Partisanship Overshadows Debate Over National Security

On Monday — September 11 — President Bush marked the fifth anniversary of the worst terrorist attacks ever on American soil. He delivered a primetime speech to the nation in which he honored those who were killed five years ago and laid out his vision for winning the long war against terrorism.

“We are now in the early hours of this struggle between tyranny and freedom,” Bush said. “Amid the violence, some question whether the people of the Middle East want their freedom, and whether the forces of moderation can prevail. For sixty years, these doubts guided our policies in the Middle East. And then, on a bright September morning, it became clear that the calm we saw in the Middle East was only a mirage.” That deadly morning, said Bush, forced America to “change our policies” with respect to the Middle East. From now on, the United States will commit our global influence “to advancing freedom and democracy as the great alternatives to repression and radicalism.”

That speech set off a firestorm of political criticism.

Democratic leaders Nancy Pelosi and Harry Reid demanded that television networks give them equal air time to rebut the President’s speech. Failing that, they raced to the floors of Congress to denounce the President. “This is a political move designed to tap the overwhelming public sentiment to destroy al Qaeda as a way to bolster sagging public support for the war in Iraq,” said Reid of the president’s speech. Reid was joined on the Senate floor by fellow liberal Dick Durbin who described “an offensive” by the administration “made to justify a war in Iraq.”

The reaction is typical of a Congress that these days seems more preoccupied with the fall elections than with significant debate. Unfortunately, the partisan rancor is threatening to overshadow a very significant constitutional debate that will have a major impact on America’s ongoing ability to wage the War on Terror.

Constitutional Debate

Both the House and Senate have scheduled debate next week on a pair of bills that would ensure the President enjoys constitutional authority that has not yet been explicitly granted by Congress.

One bill would give congressional backing to the administration’s National Security Agency program that intercepts terrorist communications. The other measure would allow the administration to create military commissions in which accused terrorists could be tried outside the U.S. criminal judicial system.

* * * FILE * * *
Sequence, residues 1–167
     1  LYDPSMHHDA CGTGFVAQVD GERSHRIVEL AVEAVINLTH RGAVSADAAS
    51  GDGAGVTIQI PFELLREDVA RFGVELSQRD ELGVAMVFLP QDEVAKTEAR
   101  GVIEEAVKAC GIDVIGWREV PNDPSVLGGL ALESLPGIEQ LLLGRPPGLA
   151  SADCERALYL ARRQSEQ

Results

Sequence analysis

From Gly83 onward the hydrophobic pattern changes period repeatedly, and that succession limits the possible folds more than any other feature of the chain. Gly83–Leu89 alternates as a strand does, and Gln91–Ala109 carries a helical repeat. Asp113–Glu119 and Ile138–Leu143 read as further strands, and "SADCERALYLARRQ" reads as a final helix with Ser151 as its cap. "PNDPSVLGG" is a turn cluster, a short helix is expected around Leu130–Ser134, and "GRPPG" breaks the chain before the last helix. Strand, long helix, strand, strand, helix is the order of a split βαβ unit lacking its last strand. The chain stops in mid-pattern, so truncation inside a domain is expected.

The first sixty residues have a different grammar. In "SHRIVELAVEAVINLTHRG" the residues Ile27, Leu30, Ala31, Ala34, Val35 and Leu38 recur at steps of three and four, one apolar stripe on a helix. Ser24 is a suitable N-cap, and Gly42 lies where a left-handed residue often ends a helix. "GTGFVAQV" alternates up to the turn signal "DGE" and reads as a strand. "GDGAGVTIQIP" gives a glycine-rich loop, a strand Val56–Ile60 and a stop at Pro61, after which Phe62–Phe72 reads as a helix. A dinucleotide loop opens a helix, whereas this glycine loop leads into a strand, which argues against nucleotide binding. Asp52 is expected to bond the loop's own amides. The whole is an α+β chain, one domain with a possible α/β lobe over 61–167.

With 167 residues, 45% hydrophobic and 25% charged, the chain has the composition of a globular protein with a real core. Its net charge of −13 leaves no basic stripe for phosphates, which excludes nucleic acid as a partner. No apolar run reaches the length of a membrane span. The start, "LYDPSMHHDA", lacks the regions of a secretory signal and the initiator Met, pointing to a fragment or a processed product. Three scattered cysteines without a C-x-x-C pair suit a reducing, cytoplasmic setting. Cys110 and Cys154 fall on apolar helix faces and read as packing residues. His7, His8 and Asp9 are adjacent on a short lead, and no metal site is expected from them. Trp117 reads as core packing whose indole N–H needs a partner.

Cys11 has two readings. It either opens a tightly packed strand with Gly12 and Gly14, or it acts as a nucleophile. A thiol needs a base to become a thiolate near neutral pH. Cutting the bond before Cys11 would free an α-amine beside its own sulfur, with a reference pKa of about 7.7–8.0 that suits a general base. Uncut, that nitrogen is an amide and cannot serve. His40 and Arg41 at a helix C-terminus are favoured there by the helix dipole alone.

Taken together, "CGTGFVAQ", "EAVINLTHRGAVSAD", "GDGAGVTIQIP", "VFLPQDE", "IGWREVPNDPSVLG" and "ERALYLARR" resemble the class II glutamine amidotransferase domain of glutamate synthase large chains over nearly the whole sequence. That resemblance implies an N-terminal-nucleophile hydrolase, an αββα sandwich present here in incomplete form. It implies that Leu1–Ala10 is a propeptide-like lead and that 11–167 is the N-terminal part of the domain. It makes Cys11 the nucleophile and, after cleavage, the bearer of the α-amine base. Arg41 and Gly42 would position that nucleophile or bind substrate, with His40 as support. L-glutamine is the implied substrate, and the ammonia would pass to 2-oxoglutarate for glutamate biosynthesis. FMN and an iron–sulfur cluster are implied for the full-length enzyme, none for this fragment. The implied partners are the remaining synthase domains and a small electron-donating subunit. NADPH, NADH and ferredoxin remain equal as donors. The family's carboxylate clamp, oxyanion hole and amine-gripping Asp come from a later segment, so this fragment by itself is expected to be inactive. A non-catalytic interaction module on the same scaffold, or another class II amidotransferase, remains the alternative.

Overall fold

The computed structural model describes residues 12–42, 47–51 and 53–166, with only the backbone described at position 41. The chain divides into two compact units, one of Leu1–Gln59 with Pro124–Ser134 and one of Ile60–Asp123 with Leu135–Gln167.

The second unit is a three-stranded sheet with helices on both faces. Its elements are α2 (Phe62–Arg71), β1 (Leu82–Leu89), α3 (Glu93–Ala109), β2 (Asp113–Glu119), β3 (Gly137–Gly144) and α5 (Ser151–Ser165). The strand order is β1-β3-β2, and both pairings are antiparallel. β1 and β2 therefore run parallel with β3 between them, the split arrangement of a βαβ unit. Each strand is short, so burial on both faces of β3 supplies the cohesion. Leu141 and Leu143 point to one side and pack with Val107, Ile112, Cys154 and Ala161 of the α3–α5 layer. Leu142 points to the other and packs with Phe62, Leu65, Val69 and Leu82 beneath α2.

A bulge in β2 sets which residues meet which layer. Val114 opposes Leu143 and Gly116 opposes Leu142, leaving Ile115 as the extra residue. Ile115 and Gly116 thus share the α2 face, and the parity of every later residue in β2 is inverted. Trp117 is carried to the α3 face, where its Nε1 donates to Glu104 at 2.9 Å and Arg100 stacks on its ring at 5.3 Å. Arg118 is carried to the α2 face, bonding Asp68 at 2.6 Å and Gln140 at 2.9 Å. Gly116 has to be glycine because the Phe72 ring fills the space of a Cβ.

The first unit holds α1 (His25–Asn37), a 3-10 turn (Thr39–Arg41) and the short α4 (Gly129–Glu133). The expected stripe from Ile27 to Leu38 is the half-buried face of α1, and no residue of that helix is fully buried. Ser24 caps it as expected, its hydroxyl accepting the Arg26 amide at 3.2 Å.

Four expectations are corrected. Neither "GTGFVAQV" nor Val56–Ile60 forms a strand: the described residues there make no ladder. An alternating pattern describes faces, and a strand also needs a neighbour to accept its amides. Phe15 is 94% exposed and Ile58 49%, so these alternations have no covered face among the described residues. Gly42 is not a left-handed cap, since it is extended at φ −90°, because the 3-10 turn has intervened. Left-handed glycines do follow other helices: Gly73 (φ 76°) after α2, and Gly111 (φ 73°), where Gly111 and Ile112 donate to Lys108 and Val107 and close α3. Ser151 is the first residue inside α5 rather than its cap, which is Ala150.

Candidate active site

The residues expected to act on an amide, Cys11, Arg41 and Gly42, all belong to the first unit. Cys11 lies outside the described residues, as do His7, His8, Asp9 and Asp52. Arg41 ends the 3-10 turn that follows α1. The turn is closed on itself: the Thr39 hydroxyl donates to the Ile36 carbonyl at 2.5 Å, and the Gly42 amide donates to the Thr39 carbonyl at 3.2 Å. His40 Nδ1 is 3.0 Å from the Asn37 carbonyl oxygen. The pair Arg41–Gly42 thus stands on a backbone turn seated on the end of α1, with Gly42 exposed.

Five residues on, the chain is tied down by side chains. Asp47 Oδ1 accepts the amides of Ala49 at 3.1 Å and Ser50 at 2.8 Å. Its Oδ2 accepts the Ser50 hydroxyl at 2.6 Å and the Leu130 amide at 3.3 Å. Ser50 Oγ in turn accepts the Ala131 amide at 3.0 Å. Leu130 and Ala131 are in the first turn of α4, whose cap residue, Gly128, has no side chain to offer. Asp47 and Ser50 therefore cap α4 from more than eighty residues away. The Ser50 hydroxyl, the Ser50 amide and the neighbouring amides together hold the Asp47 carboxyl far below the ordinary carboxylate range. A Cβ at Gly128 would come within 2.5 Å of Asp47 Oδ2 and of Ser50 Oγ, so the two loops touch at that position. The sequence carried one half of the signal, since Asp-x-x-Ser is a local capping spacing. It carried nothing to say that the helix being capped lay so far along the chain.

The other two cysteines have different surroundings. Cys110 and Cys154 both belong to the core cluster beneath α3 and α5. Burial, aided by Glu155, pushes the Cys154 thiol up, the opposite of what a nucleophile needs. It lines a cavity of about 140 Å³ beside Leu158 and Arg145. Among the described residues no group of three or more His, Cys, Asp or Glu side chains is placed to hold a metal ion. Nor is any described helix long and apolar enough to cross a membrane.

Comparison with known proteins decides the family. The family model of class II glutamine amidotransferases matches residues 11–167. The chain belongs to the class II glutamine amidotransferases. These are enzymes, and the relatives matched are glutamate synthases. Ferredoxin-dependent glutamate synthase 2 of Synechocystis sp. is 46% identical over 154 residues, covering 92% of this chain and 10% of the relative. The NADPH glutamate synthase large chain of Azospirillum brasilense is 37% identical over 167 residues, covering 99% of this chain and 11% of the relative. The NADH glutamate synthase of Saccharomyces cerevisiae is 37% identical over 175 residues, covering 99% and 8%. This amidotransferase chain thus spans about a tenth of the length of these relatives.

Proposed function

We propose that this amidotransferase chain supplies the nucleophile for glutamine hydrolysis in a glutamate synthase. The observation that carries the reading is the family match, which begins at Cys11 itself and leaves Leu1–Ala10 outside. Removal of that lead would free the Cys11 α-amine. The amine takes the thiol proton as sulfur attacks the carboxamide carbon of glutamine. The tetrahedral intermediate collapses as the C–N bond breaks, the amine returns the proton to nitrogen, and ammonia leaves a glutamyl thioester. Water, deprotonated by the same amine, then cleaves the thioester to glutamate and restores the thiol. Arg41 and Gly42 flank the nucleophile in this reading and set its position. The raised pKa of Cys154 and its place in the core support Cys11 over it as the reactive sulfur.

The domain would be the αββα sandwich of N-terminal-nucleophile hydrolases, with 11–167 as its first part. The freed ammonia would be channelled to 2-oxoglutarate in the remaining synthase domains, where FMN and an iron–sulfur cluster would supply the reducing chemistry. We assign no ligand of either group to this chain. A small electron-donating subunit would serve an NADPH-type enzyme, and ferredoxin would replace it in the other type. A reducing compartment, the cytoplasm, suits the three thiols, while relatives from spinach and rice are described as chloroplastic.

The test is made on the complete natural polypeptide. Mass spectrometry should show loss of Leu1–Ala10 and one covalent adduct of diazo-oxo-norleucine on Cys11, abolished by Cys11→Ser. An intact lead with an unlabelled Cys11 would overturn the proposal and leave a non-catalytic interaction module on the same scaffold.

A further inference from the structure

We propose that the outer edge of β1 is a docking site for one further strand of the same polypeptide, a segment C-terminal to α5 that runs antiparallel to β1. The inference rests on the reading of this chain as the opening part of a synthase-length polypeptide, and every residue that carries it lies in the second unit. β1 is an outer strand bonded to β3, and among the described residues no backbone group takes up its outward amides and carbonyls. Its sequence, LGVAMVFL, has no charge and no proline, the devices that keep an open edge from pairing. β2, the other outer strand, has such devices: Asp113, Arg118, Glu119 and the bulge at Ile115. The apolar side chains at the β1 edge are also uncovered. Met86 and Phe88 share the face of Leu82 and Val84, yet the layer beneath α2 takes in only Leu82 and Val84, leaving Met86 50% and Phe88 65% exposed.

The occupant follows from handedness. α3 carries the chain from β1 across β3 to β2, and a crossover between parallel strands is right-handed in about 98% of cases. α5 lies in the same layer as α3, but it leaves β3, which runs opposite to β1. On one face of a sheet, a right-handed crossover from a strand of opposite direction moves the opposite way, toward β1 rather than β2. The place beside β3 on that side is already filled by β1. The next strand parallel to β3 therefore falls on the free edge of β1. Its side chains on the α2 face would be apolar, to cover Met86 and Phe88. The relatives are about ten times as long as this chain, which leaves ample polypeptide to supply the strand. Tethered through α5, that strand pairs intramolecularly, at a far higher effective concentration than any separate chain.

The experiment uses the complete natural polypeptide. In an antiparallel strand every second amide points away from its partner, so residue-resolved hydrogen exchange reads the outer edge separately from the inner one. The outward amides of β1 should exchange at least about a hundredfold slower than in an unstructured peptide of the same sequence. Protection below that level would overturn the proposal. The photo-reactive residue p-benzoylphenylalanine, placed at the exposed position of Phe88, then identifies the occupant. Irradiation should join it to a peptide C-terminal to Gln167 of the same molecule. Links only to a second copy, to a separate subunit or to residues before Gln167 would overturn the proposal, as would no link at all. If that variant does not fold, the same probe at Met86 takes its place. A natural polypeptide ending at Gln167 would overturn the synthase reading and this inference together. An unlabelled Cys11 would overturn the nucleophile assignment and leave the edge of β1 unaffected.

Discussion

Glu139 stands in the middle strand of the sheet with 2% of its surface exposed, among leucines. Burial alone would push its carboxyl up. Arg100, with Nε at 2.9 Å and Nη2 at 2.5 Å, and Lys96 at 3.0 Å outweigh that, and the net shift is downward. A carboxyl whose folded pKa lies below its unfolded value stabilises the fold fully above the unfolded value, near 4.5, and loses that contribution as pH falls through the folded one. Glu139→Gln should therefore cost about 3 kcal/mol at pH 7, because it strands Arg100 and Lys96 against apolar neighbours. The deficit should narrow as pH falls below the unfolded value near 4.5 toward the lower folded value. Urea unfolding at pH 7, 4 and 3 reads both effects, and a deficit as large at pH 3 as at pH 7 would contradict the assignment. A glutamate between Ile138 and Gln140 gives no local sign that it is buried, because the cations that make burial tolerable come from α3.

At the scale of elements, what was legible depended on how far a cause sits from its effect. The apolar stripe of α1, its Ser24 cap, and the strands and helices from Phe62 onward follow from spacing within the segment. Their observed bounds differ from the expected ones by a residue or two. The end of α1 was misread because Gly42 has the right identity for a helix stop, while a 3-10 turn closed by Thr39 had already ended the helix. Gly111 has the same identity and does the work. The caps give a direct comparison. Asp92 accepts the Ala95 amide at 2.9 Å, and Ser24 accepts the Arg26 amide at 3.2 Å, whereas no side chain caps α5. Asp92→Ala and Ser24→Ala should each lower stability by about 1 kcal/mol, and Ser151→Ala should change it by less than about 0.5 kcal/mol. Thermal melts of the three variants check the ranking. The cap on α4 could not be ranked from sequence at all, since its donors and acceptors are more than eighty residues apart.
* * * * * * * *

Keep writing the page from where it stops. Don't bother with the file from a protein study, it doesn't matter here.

The military commissions legislation was made necessary by a recent Supreme Court decision, which declared such tribunals (intended for use at Guantanamo Bay) unlawful. The Supreme Court decision, contrary to many media reports, did not declare military commissions unlawful. As The Heritage Foundation’s Todd Gaziano explained, the decision was “not a rebuke of the Bush administration’s conduct of the battle against the threat of transnational terrorist groups. The decision will have little practical impact on fighting the long war. Nothing has changed the fact that the government must fashion a means to adjudicate the status of detainees that satisfies both the rule of law and U.S. national security interests.”

The legislation scheduled to be debated next week in Congress is the legislative branch’s effort to do just that.

Partisanship Looms

Unfortunately, it is likely that next week’s debate on these very serious measures will be less than genuine. Congressional Democrats appear determined to oppose both of these measures, partly to prevent Republicans from having an election-year accomplishment. Moreover, not all Republicans are united on the issues.

In the Senate a renegade group of powerful Republican dissenters is led by Senate Armed Services Committee Chairman John Warner. He’s joined by Senators John McCain and Lindsey Graham in offering an alternative proposal that would allow terrorists tried in these commissions to know classified information pertaining to their trial. The administration vigorously opposes this approach, as it could lead to the leaking of sensitive classified information to the enemy. Nevertheless, Warner, McCain and Graham appear determined to move ahead with their proposal. That would leave the administration approach vulnerable and in need of Democratic support to pass.

If the Democrats’ reaction to the President’s speech this week is any indication, that support is highly unlikely.

Pennsylvania Senator Rick Santorum (facing a tough reelection fight) summed up the atmosphere in Congress in a Tuesday floor speech. “We just cannot get past the politics around here, just cannot get past the partisan advantage around here,” said Santorum. “We cannot face the reality that we have a dangerous enemy out there who wants to destroy everything we hold dear, an enemy who is very clear about what they want to accomplish.”

Putting domestic political considerations above significant constitutional questions that will have national security ramifications is a recipe for bad policy — bad policy that a nation engaged in a long war against terrorists cannot afford.